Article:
In the beginning of my own healing and spiritual journey I believed that responsibility and freedom could not exist together. However, I later realized that in order to liberate myself from suffering and truly enjoy my life, I had to commit fully to my life’s purpose and to relating to myself with loving acceptance every day. I had to take complete responsibility for every single thought, emotion, spoken word, action and experience in my life. Today, it’s only through a devotion to being kind and true to myself in each situation, even when I’m scared, that life continually opens doors to an ever-expanding freedom, joy and peace. I am humbled each day as I accept my life challenges as though they were agreements I made with the universe and with God before this lifetime, because by doing so, I find the strength and courage to walk my destined path to the end, knowing that giving up or turning around are not options and will only lead back to suffering.

Shambhala Mountain Center hosts Beyond Suffering: Unconditional Self Love, Mindfulness, Meditation & Qi Gong Retreat with Blake D. Bauer, December 2–4 — click here to learn more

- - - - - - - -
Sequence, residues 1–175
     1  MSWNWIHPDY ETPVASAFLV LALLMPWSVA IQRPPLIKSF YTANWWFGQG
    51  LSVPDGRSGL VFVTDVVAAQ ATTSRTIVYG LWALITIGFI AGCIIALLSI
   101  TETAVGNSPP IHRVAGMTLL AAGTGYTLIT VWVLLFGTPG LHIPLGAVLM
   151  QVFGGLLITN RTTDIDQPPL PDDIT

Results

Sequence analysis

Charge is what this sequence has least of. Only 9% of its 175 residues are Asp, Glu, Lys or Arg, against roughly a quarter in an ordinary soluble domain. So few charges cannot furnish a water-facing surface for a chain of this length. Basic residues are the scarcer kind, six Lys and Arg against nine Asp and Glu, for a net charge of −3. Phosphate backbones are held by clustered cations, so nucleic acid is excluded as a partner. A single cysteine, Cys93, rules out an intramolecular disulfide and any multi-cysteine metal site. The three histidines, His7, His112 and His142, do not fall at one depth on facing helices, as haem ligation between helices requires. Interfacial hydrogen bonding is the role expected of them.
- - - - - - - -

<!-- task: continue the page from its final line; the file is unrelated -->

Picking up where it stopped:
About the Author

blake_bauer_1_17Blake D. Bauer is an internationally recognized author, counselor, qigong master, and alternative medicine practitioner. His best-selling book You Were Not Born To Suffer and pioneering work focus on unconditional self-love as the key to self-healing, fulfilling your life’s purpose, and awakening spiritually. Bringing together what he’s found to be the most effective spiritual practices and holistic approaches to well-being, Blake’s work has successfully guided thousands of people around the world to greater health and freedom in mind and body. // Blake D. Bauer

7 Comments

  1. Leonie says